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From Martin Sebor <se...@roguewave.com>
Subject [PATCH] Re: stdcxx 4.2.0/4.1.3 binary incompatibility on Linux
Date Thu, 18 Oct 2007 00:39:22 GMT
How does the attached patch look?

The patch adds two macros, _RWSTD_NO_STRING_ATOMIC_OPS and
_RWSTD_USE_STRING_ATOMIC_OPS. The first one is #defined for
all compilers on Linux/x86_64 (i.e., in wide mode), *unless*
the second one is defined, either on the command line on in
the generated config header by the user. This whole hackery
is guarded by _RWSTD_VER and automatically disabled (i.e.,
the library switches over to using atomic operations by
default) at version 5.

Martin

Martin Sebor wrote:
> Travis Vitek wrote:
>> So the problem is that the size of the __string_ref has changed, right?
> 
> Yes. More precisely, that is one part of the problem (the other
> part is the pthread functions that are inlined in user code and
> that expect to get a mutex and not random garbage).
> 
>> Specifically, this block of code causes the removal of the per-string
>> mutex from __string_ref.
>>
>> +#ifndef _RWSTD_NO_ATOMIC_OPS
>> +   // disable string mutex when atomic operations are available
>> +#  ifndef _RWSTD_NO_STRING_MUTEX
>> +#    define _RWSTD_NO_STRING_MUTEX
>> +#  endif   // _RWSTD_NO_STRING_MUTEX
>> +#endif   // _RWSTD_NO_ATOMIC_OPS
>>
>> An obvious option would be to just remove that block and let the user
>> decide if they want to define _RWSTD_NO_STRING_MUTEX or not. If they
>> define it then they must know that they are breaking binary
>> compatibility with a library previously compiled without it. This
>> doesn't help users compiling new source using the default configuration,
>> but it does maintain compatibility.
> 
> I'm also leaning in this general direction. Keep the compatible
> behavior and and let users opt into the breaking fix. I'll have
> to think some more about how to control the behavior. I was
> hoping to use an existing config macro without changing any
> library code (except _config-gcc.h).
> 
>>
>> We could also ask that they define _RWSTD_NO_ATOMIC_OPS, but that may
>> cause other binary incompatibilities elsewhere or it will at the very
>> least cause performance problems in other places.
> 
> It is very tempting to go with the improved implementation by
> default, but from a compatibility standpoint it would be the
> wrong thing to do.
> 
>>
>> It would be nice if we could just insert an appropriately sized pad
>> buffer in place of the _C_mutex member. If the methods of __string_ref
>> were not inlined I'm pretty sure that this would work. Unfortunately
>> _C_inc_ref() and _C_dec_ref() are inlined, so their code may be compiled
>> in the user executable, so I'm not convinced that this is a viable
>> option.
> 
> All the __string_ref members are trivial inline wrappers that
> are fully expected to be inlined. It's possible that some of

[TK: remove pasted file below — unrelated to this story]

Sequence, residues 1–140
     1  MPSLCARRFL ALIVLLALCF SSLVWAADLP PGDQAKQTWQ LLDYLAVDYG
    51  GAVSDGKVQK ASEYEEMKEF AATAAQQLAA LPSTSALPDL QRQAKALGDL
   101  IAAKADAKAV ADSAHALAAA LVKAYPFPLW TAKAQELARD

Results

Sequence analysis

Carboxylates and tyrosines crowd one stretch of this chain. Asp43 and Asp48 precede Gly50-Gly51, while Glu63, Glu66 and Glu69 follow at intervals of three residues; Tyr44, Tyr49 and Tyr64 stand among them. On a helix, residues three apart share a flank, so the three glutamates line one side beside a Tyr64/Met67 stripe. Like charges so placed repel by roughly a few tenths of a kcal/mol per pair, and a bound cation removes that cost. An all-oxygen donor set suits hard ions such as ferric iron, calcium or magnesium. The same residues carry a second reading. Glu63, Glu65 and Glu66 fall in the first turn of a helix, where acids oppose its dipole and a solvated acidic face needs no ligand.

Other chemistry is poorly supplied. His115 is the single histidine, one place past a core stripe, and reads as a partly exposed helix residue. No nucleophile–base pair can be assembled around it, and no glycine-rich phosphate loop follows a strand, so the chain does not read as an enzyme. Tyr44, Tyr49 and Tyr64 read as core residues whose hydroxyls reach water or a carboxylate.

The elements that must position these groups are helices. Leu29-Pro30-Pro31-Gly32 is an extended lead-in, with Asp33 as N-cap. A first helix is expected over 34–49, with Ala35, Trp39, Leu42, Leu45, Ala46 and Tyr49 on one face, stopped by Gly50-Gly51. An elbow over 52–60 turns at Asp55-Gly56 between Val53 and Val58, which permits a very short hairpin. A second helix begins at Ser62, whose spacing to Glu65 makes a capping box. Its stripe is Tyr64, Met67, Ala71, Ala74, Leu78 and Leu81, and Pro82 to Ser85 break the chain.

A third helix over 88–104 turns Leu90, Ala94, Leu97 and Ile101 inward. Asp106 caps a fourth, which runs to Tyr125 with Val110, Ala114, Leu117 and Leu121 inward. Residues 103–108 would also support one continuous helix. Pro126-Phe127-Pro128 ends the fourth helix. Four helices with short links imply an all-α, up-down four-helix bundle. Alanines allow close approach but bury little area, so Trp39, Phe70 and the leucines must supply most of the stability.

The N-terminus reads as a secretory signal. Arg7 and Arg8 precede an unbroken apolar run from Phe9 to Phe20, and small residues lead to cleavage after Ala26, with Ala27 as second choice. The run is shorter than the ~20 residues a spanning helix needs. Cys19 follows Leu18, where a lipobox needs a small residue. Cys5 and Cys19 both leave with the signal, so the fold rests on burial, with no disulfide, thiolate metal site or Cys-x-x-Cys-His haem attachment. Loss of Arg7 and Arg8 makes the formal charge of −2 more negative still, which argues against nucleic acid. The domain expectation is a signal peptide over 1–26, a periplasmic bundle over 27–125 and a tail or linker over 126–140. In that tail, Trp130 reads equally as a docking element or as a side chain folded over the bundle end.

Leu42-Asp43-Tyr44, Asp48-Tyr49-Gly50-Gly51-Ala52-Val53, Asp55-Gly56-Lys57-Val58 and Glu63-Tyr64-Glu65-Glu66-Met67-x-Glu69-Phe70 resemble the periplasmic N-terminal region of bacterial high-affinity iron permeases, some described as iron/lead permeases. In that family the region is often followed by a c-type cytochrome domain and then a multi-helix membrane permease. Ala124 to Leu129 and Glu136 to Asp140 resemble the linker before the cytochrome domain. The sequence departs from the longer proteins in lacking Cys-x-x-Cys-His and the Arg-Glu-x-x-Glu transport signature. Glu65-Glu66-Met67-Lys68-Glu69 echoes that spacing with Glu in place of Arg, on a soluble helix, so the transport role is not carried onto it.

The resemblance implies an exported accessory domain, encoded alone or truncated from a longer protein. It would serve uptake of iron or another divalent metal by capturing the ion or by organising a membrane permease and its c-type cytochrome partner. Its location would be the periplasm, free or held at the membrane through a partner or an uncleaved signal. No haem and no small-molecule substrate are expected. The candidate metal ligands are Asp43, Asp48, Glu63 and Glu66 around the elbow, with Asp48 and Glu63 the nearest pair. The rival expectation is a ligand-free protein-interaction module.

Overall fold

> them will not be inlined under some conditions but I expect
> those to be exceeding rare.
> 
> Martin
> 
>>
>> Travis
>>
>>
>> Martin Sebor wrote:
>>> Okay, I've got it:
>>>
>>>    http://issues.apache.org/jira/browse/STDCXX-162
>>>
>>> Damn that was hard!
>>>
>>> So, what do we do? Going back to using a mutex for strings would
>>> be *huge* performance hit on one of the most popular platforms
>>> (if not the most popular one), but then again, keeping the status
>>> quo will break binary compatibility on the (now) most popular
>>> platform.
>>>
>>> Opinions?
>>>
>>> Martin
>>>
>>> Martin Sebor wrote:
>>>> Martin Sebor wrote:
>>>>> In a 12D build with the default gcc 4.1.0 on SuSE Linux Enterprise
>>>>> Server 10 (x86_64), the following simple program abends with the
>>>>> error below after upgrading the 4.1.3 library to 4.2.0:
>>>> I've enhanced the program to replace operators new and delete
>>>> and to print the value of the pointer. The enhanced test case
>>>> and the output obtained from a 12D build with gcc 3.4.6 on Red
>>>> Hat Enterprise Linux AS release 4 (Nahant Update 4) is below.
>>>> Interestingly, the 12d (32-bit) output with Sun C++ on Solaris
>>>> is fine.
>>>>
>>>> $ cat t.cpp && LD_LIBRARY_PATH=../lib ./t
>>>> #include <cstdio>
>>>> #include <cstdlib>
>>>> #include <new>
>>>> #include <string>
>>>>
>>>> int main ()
>>>> {
>>>>     std::string s = "a";
>>>> }
>>>>
>>>> void* operator new (std::size_t n) throw (std::bad_alloc)
>>>> {
>>>>     void* const p = std::malloc (n);
>>>>     std::fprintf (stdout, "operator new (%zu) ==> %#p\n", n, p);
>>>>     return p;
>>>> }
>>>>
>>>> void operator delete (void *p) throw ()
>>>> {
>>>>     std::fprintf (stdout, "operator delete (%#p)\n", p);
>>>>     std::free (p);
>>>> }
>>>>
>>>> void* operator new[] (std::size_t n) throw (std::bad_alloc)
>>>> {
>>>>     void* const p = std::malloc (n);
>>>>     std::fprintf (stdout, "operator new[] (%zu) ==> %#p\n", n, p);
>>>>     return p;
>>>> }
>>>>
>>>> void operator delete[] (void *p) throw ()
>>>> {
>>>>     std::fprintf (stdout, "operator delete[] (%#p)\n", p);
>>>>     std::free (p);
>>>> }
>>>>
>>>> operator new (58) ==> 0x502010
>>>> operator delete (0x501fe8)
>>>> *** glibc detected *** free(): invalid pointer: 
>>> 0x0000000000501fe8 ***
>>>> Aborted
>>>>
>>>>
> 


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